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24 August 2006 Edition

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Workers' Rights: Action needed on workplace deaths

BY STEPHANIE LORD

The case for corporate manslaughter legislation

Figures for workplace fatalities in the 26 Counties are increasing by the month and it should be worrying: for workers and their families, for trade unions, for employers, and for the Government.

Fatalities that emerge as a result of negligence rather than genuine accidents are also on the rise at a similarly steady rate. More stringent health and safety regulations are long overdue.

Sinn Féin has consistently argued the case for the urgent introduction of legislation that will put corporate killing on a statutory footing. When the figures are analysed, one has to ask why such legislation has not been introduced.

According to the 2005 Health and Safety Report, 23 people were killed in workplace accidents in the construction sector compared to 16 in that sector in 2004. The same report also told us that there were only 40 prosecutions for offences related to breaches of health and safety laws. Fines imposed for these breaches amounted to €463,338 - a paltry figure when considered in business terms.

It is not unreasonable to assume that some employers may take a 'cost/benefit' approach to the implementation of health and safety requirements in the workplace. For example, it may cost more to arrange a safer traffic management system in the workplace or to replace damaged machinery than to pay the fine that would be imposed on the offending company should the death of an employee occur on the job. While this may seem a very cynical opinion of companies, it is not without warrant.

Recently the Court of Criminal Appeal reduced the fine of a roofing company that had been penalised after the death of an employee.

Peter Gaffney had suffered serious head injuries after falling 12 feet while working for Gerard F. May Roofing Ltd in Templeogue, Dublin. He died in Tallaght Hospital six days after his fall.

The roofing company had originally been fined €100,000 for breaching various health and safety regulations but the court in this instance reduced the figure to €20,000. Derek May, the managing director of the company, had pleaded guilty on behalf of the company at Dublin Circuit Criminal Court for failing to ensure the safety, health and welfare of his employees while at work and failing to ensure the availability of a guard-rail to prevent an employee from falling. In the Court of Criminal Appeal, counsel for the defendant argued that the €100,000 fine was "unduly severe" and a large fine would affect the viability of the company. In delivering the judgment, Justice Adrian Hardiman concluded that the fine was "excessive" when the company's financial position was taken into account and thus reduced it to €20,000.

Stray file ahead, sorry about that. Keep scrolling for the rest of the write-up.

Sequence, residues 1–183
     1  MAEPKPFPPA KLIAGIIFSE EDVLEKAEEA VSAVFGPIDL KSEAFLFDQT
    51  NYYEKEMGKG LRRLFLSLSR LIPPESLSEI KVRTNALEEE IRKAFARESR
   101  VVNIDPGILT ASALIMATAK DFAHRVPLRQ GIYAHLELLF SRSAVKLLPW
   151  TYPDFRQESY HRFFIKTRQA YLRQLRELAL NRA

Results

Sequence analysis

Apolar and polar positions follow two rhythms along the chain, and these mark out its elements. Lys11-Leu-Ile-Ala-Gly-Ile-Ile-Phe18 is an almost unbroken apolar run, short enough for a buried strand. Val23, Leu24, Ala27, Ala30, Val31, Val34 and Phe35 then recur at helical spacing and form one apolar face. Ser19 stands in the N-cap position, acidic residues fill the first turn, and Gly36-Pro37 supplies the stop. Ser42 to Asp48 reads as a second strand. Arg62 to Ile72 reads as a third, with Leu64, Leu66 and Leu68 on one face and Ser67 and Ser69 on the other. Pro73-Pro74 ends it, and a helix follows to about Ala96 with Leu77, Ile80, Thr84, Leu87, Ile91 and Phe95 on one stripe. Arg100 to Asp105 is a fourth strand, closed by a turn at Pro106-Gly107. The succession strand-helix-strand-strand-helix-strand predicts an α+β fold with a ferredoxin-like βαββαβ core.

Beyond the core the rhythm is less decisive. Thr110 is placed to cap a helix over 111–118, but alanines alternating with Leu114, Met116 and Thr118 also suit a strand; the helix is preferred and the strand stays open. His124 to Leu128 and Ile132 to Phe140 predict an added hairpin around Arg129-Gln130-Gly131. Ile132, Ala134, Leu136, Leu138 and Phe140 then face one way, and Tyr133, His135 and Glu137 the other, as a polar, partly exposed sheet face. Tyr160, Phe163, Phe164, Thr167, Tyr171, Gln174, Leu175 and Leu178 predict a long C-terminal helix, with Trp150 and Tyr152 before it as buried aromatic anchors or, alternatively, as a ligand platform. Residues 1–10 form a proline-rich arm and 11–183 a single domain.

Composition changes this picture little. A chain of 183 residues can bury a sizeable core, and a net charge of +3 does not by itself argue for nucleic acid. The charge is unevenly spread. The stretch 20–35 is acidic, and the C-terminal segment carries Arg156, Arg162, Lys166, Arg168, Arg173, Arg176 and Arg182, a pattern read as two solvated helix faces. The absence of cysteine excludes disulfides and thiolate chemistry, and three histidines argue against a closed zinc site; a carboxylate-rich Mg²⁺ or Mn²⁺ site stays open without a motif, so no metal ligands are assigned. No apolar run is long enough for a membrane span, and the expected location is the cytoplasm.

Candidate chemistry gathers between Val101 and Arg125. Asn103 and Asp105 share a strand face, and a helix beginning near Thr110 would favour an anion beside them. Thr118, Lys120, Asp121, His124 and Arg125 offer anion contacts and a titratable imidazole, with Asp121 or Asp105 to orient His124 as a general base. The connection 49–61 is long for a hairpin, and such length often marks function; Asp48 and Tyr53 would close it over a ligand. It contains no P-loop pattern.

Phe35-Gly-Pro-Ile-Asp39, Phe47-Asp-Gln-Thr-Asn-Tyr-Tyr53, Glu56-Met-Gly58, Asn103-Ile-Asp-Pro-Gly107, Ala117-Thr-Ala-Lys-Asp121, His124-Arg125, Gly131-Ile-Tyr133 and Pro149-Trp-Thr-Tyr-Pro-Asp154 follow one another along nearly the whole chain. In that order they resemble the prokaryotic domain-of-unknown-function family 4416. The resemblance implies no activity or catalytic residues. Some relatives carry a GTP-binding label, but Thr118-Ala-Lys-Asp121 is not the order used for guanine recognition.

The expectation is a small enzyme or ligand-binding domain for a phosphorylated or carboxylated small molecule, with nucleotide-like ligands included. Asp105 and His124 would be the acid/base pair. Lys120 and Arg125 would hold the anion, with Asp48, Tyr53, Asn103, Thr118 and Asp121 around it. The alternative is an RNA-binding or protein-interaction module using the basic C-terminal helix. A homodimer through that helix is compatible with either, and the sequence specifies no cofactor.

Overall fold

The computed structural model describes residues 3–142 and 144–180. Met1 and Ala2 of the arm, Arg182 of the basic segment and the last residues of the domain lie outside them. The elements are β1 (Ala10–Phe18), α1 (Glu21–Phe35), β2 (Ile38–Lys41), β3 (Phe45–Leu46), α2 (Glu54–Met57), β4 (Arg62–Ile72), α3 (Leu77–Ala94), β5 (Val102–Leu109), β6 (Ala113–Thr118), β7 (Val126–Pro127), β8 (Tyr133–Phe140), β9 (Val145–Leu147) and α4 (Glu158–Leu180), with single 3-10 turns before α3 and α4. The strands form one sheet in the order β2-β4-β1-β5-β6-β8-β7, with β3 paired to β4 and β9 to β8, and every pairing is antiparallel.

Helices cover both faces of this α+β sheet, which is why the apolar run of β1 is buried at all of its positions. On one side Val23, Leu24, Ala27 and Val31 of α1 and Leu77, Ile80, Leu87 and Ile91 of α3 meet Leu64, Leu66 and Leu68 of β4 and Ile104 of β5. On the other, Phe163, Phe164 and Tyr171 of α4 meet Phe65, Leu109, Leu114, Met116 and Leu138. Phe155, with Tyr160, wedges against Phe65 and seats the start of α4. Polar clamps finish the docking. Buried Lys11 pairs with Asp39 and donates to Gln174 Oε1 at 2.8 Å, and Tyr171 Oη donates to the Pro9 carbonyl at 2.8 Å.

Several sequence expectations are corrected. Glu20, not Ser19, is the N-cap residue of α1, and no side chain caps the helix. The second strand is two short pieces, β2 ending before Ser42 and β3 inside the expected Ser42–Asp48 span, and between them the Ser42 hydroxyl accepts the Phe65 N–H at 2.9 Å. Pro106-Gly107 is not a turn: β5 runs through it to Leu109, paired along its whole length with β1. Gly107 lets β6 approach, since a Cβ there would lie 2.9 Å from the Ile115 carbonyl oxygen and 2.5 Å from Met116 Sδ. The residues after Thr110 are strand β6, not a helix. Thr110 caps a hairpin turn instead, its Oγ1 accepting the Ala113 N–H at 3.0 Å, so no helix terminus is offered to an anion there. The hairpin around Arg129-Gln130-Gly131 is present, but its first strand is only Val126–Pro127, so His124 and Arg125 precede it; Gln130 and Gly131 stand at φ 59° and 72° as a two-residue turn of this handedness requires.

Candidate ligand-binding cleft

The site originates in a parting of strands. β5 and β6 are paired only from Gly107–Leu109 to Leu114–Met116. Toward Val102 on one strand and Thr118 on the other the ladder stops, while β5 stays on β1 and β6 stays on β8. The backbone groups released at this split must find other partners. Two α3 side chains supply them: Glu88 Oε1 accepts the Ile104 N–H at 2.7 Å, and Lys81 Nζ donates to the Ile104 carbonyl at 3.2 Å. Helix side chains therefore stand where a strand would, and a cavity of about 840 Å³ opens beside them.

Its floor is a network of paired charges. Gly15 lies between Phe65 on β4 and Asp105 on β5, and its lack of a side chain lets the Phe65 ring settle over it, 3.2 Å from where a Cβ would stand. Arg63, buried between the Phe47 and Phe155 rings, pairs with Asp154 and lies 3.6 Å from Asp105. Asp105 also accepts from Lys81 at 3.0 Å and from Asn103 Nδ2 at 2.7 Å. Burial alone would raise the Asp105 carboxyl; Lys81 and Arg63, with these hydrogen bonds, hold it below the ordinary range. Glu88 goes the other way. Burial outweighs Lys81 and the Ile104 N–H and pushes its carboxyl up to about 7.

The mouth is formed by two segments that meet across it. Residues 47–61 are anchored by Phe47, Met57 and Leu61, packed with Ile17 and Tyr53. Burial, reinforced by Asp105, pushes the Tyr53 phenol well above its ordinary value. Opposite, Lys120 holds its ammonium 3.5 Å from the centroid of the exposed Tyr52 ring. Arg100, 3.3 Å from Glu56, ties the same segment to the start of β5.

It should not be the case that a company responsible for the death of a worker through its own negligence can argue that any fine imposed is "unduly severe". It hardly acts as an incentive for companies to comply with the inadequate health and safety legislative requirements that currently exist. A system that allows reckless employers to get off scot-free for the death of an employee must not be allowed to continue.

Under the laws in place in the 26 Counties, a company can be prosecuted for gross negligence manslaughter, but there have been no prosecutions under this offence to date. The lack of prosecutions in this area is due to the fact that, in order for a corporate manslaughter charge to succeed, it has to be proven that there is at least one senior member or director of a company who is "the controlling mind" and has sole responsibility for the policies which brought about or helped facilitate the circumstances that led to the fatality. The difficulty here is that in most cases company policy is determined by a number of company directors. If no single "controlling mind" can be established then no charge can be brought.

The Law Reform Commission Report on Corporate Manslaughter made two main recommendations which Sinn Féin is supporting:

  1. That a new criminal offence of corporate manslaughter be enacted which would make a company responsible for a death arising from a company's gross negligence;
  2. That there should be an offence for a corporate entity's high managerial agents of grossly negligent management causing death.

The Law Reform Commission also recommended that the "controlling mind" test be replaced by a much wider range of factors in deciding whether or not gross negligence has occurred. These factors could then include the activities of a panel of directors who decide on company policy, etc., and would greatly ease the difficulties that exist in bringing a case against the company. Also included in these proposals is that a member of management found to have contributed to the corporate manslaughter offence can be prosecuted personally and be liable for imprisonment of up to 12 months and/or payment of a fine.

If the corporate manslaughter offence was established it would be far easier for companies to be prosecuted where there has been a fatality on their hands. Sub-contractors would also come under the remit of this legislation.

It is highly likely that, with the threat of personal prosecution, far more attention would be paid to implementation of statutory health and safety requirements than in the present case where the company as a whole pays a very insignificant sum. Possible prison sentences alongside large fines and penalties could go a long way to rectifying the lax approach that some employers take to workers' safety.

As workplace injuries and fatalities rise by the month the Government needs to realise that corporate manslaughter legislation could be a key to stopping the carnage.

An Phoblacht Magazine

AN PHOBLACHT MAGAZINE:

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